Mycologists from the University of Wisconsin-Madison have discovered an unusual way of reproduction in the Californian version.
Like other related mushrooms, pale grebeusually reproduces bisexually: spindle-shaped underground structures of two separate individuals fuse, and then above-ground fungi are formed containing the DNA of both individuals. Studies in Europe have confirmed that fungi have two genetic sets, one from each parent organism.
American mycologists examined samples of fungi,collected in California. Pale grebes first appeared in this region only at the beginning of the 20th century, but have since spread to large areas. The findings suggest that instead of looking for a fusion partner, the Californian version of the fungus fertilizes itself.
Researchers do not yet understand howpale grebes bypass the genetic restriction that provides for sexual reproduction, but most of the collected samples are "clones" - organisms with an identical set of genes inherited from only one parent.
Pale grebes originate from Europe and, asscientists believe were brought to North America at the end of the 19th century by tree lovers. Fungal spores hid in tree roots. After being transferred to a new continent, these fungi began to spread actively and in some regions they are more common than on the European continent. An unusual breeding strategy, for which one fungus is enough, explains the reason for the rapid expansion of the pale grebe.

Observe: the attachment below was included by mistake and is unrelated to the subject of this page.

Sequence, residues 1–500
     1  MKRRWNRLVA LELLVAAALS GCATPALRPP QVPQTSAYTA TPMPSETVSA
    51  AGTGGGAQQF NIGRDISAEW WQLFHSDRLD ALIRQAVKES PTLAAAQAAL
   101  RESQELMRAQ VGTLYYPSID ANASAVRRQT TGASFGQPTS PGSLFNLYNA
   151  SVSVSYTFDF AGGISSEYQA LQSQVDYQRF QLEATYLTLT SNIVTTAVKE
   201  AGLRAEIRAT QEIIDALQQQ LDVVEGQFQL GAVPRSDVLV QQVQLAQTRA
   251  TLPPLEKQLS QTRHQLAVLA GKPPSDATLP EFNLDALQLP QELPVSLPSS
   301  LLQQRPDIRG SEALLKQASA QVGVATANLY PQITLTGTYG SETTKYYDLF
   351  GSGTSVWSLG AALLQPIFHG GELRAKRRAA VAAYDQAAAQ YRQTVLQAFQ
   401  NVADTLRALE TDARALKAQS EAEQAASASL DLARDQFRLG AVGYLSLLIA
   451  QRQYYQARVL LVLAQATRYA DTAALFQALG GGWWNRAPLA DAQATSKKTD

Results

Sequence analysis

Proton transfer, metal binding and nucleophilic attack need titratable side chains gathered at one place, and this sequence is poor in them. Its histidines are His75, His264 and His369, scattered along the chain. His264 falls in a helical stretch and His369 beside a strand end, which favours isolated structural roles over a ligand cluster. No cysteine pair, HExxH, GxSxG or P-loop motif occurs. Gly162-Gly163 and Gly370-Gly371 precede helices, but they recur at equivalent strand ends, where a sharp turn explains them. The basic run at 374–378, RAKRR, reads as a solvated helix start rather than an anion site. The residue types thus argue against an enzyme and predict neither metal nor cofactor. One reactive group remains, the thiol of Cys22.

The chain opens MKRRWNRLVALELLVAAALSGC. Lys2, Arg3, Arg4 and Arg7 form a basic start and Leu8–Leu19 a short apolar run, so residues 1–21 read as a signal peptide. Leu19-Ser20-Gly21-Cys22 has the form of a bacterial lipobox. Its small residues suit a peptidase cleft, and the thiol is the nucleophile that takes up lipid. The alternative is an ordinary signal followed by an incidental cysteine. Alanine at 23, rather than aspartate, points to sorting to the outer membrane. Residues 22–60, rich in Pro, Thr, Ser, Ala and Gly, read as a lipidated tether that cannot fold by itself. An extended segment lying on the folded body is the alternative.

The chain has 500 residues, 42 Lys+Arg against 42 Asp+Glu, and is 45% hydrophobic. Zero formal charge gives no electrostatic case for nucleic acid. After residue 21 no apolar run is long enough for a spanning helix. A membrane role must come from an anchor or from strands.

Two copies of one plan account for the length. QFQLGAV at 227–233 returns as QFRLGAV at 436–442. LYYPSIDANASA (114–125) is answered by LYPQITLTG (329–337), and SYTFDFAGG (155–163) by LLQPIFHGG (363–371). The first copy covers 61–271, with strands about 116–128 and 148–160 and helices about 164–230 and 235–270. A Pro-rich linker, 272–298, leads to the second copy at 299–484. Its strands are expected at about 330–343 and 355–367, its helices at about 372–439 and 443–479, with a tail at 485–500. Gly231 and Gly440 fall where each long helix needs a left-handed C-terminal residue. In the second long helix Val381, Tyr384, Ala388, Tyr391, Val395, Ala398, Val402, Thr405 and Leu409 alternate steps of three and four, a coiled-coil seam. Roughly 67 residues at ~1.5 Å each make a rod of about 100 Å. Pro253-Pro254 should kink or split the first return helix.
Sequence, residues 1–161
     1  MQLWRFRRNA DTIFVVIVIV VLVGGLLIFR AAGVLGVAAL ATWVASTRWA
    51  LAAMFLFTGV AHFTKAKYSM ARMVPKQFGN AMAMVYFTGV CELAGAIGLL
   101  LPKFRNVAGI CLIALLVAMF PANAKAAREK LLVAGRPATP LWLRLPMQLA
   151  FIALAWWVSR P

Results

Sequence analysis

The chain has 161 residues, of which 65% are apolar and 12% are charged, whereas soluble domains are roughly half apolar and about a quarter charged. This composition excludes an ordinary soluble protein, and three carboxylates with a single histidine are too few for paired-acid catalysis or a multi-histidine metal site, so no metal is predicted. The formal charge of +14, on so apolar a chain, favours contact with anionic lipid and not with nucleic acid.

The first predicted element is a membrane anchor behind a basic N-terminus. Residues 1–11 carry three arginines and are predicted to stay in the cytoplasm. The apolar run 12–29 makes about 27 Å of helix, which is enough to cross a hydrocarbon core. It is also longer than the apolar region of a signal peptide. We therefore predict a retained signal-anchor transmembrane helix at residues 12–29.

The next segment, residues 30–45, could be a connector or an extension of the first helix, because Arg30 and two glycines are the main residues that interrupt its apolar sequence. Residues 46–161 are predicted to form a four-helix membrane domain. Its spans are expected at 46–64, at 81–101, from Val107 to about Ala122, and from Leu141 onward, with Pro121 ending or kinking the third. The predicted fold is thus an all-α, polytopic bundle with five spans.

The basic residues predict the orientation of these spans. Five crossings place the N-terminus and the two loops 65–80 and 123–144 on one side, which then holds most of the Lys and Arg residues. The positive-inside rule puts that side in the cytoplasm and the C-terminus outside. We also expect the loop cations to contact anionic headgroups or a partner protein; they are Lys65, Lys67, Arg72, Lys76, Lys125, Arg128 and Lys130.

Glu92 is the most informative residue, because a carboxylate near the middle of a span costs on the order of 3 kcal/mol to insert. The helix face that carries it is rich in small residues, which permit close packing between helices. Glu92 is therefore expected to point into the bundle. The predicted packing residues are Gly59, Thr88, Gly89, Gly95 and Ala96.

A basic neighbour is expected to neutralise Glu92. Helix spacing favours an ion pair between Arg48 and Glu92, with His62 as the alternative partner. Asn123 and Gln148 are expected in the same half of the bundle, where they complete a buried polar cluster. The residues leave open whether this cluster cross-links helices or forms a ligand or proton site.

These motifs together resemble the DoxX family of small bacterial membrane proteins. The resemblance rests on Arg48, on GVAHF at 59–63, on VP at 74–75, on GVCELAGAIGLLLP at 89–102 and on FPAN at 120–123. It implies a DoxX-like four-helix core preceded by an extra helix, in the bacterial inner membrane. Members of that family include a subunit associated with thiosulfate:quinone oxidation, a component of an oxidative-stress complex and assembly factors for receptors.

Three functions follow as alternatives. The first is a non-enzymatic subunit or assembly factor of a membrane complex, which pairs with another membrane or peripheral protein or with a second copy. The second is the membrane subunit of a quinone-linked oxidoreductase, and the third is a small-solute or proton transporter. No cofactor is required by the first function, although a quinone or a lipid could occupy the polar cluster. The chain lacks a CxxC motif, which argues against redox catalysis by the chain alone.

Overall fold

It's not about the Earth: scientists explained why the solar system is the rarest
Dinosaurs in bamboo corsets were found among the artifacts of the expedition of the early twentieth century
Substance from the "grandfather's beard" improves memory and neuronal growth
Cover image: Justin Pierce (JPierce) at Mushroom Observer, CC BY-SA 3.0, via Wikimedia Commons